Australian Man Steals Over 40,000 Rapid Antigen Test Worsening Supply Issues

By Epoch Times Australia Staff
Epoch Times Australia Staff
Epoch Times Australia Staff
January 19, 2022 Updated: January 19, 2022

Australia’s COVID-19 rapid antigen test (RAT) supply problems have intensified after around 42,000 RATs were stolen from an Australian freight depot during a countrywide shortage.

New South Wales (NSW) police were called to a Sydney depot on Tuesday, Jan. 18, after a man allegedly walked in and seized around 42,000 tests, worth more than $500,000 (US$360,000).

A spokesperson for the NSW police said that their “inquiries are continuing.”

NSW Premier Dominic Perrottet has said that the culprit should expect a visit from the police shortly.

“At a time when everyone across our state has made incredible efforts in keeping people safe, in making sacrifices, what a disgraceful act,” Perrottet said. “The police will catch you.”

The theft comes at a difficult time, as Australia is struggling with an Omicron outbreak which has been made more challenging to manage by a RAT shortage.

Australian retailers, especially smaller outlets, have been overcharging people for their rapid antigen tests.

Epoch Times Photo
A sign indicating sold out rapid antigen tests is posted in a Balgowlah pharmacy in Sydney, Australia, on Jan. 10, 2022.(Jenny Evans/Getty Images)

The Australian Competition and Consumer Commission (ACCC) have received reports of retailers selling the tests at prices significantly higher than the wholesale price. Currently, the wholesale prices for RATs only go up to $11.45 (US$8.23) per test. However, the ACCC has said that they have had reports tests are often selling for up to $20 to $30 (around US$14 to $22).

“At the extreme end, we have received reports or seen media coverage of tests costing up to $500 for two tests through online marketplaces, and over $70 per test through convenience
stores, service stations and independent supermarkets, which is clearly outrageous,” ACCC Chairperson Rod Sims said.

South Australia Wants Claims RATs Requisitioned Investigated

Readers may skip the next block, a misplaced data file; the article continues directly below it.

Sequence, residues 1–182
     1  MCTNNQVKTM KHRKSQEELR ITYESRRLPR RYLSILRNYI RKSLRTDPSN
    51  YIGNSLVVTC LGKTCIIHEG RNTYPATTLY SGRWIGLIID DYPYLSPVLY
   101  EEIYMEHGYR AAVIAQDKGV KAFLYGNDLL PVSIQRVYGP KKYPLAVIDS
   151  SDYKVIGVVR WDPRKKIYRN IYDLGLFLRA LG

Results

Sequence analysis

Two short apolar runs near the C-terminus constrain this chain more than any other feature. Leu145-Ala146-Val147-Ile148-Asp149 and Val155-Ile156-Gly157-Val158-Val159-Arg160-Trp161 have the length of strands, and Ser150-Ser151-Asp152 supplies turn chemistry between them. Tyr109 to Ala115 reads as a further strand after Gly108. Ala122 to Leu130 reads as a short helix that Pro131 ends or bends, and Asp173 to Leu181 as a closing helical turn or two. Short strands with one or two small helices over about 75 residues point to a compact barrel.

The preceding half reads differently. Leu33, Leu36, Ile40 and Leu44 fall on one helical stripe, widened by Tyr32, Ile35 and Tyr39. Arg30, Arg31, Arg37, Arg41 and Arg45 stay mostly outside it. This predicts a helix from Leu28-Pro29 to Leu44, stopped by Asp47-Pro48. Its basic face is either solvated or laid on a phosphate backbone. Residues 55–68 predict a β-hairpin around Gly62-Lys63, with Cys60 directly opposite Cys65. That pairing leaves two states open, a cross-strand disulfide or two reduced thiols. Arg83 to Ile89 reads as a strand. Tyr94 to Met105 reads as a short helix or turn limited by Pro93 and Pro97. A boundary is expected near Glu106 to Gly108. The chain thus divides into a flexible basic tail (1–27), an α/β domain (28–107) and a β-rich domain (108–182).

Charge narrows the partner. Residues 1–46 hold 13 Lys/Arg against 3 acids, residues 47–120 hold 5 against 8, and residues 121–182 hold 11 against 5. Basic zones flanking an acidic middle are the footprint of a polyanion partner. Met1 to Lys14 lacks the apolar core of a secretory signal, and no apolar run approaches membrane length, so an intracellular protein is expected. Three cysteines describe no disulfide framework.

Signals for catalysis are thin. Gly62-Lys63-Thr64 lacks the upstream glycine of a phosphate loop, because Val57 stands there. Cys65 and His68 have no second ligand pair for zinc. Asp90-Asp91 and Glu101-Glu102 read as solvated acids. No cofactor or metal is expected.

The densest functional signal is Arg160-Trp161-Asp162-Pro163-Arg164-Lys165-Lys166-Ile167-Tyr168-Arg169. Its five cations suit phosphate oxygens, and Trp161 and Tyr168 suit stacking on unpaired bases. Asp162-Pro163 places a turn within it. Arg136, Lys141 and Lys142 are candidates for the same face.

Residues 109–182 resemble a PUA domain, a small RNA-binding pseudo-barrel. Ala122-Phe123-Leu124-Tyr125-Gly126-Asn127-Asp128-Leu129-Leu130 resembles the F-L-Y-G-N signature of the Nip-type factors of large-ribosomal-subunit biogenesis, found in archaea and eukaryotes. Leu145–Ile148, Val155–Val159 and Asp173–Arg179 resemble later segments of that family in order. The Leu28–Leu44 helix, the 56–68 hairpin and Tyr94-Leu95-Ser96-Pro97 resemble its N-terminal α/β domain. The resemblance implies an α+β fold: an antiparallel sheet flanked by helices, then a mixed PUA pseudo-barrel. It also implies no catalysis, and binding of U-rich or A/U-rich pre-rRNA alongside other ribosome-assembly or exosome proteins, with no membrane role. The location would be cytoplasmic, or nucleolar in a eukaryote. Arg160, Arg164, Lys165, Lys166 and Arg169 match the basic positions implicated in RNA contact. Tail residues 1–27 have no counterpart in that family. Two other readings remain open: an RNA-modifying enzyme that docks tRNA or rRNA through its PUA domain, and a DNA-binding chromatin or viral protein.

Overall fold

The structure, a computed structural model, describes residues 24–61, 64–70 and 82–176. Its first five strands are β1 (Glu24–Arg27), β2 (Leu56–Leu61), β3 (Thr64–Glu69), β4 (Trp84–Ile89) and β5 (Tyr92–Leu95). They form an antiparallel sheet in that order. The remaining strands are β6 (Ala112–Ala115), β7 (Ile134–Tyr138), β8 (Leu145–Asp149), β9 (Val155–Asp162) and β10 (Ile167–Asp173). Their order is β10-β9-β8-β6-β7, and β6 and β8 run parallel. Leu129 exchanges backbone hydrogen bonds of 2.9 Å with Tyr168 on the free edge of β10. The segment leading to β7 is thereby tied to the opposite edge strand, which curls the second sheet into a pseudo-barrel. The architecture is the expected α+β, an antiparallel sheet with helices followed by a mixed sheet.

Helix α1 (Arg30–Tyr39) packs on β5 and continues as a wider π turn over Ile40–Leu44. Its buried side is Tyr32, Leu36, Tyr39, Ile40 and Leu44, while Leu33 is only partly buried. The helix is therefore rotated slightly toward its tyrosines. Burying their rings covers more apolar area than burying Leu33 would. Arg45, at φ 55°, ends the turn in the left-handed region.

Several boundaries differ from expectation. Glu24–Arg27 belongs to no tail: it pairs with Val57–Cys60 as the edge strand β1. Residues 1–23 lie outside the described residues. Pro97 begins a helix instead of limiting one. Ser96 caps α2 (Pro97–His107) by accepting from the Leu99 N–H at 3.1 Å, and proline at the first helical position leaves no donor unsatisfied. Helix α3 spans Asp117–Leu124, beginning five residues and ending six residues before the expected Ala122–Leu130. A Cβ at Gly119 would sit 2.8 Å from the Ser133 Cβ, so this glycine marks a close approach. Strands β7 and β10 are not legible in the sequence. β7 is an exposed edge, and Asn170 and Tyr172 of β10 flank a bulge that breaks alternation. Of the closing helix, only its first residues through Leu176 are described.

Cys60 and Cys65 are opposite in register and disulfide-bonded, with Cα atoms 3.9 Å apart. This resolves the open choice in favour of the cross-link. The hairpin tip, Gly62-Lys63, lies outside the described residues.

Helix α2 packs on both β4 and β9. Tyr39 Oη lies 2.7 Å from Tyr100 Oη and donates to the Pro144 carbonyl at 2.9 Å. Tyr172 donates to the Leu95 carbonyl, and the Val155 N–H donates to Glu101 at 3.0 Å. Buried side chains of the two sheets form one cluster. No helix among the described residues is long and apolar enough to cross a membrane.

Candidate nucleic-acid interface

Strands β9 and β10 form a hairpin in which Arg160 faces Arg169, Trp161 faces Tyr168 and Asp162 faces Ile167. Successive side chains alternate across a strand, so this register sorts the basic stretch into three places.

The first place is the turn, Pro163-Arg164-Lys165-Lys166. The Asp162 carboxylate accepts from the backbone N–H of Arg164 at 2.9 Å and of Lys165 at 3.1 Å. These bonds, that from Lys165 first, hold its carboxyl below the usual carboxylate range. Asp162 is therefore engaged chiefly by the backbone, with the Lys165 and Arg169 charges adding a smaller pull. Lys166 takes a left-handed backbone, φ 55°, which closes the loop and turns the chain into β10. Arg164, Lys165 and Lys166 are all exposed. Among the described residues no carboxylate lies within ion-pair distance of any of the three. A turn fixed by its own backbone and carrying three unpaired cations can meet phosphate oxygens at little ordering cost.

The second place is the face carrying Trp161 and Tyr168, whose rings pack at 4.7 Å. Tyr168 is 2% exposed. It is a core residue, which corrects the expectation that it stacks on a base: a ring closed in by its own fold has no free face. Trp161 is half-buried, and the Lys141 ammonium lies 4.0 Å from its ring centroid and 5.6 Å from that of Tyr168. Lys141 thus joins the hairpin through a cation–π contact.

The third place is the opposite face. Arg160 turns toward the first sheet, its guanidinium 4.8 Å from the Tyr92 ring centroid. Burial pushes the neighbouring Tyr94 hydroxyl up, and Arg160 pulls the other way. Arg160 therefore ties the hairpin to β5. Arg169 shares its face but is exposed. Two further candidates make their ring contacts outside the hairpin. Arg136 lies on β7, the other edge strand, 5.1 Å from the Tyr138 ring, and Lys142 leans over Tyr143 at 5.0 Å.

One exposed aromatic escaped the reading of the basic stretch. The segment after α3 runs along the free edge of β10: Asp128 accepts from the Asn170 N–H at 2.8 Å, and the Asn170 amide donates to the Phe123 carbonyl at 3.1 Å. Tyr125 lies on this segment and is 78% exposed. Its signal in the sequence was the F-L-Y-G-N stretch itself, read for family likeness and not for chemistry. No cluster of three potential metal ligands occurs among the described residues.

The theft comes amidst allegations that rapid antigen tests bound for South Australia were diverted to NSW and Victoria.

Premier of South Australia, Steven Marshall, has said that although the NSW and Victorian governments had denied requisitioning RATs at airports in Sydney and Melbourne, he had taken the reports seriously and had written to the ACCC chair, Sims, asking him to investigate.

Epoch Times Photo
South Australian Premier Steven Marshall stands behind Australian Prime Minister Scott Morrison as he speaks to the media during a visit to the Osborne Naval Shipyard on September 26, 2020, in Adelaide, Australia. (Kelly Barnes/Getty Images)

“If these allegations prove correct, it’s quite possible that they are illegal, anti-competitive and, of course, they’re a massive kick in the guts for South Australia,” Marshall said. “If they (the tests)
have been taken by another state, that’s outrageous.”

The Australian Prime Minister, Scott Morrison, also addressed the allegations on Wednesday, saying that the federal government had not diverted any rapid antigen tests. He also described the allegations as “absurd.”

“The allegations that the Commonwealth has redirected supplies of rapid antigen tests, or indeed that the Commonwealth has impounded private supplies or sought to frustrate private
supplies. None of this is true,” Morrison said.

“I have no idea where that’s coming from, and you know, it just floats around on social media and then it gets reported,” he said. “I mean, something happening on social media isn’t a story. It’s
usually just rubbish.”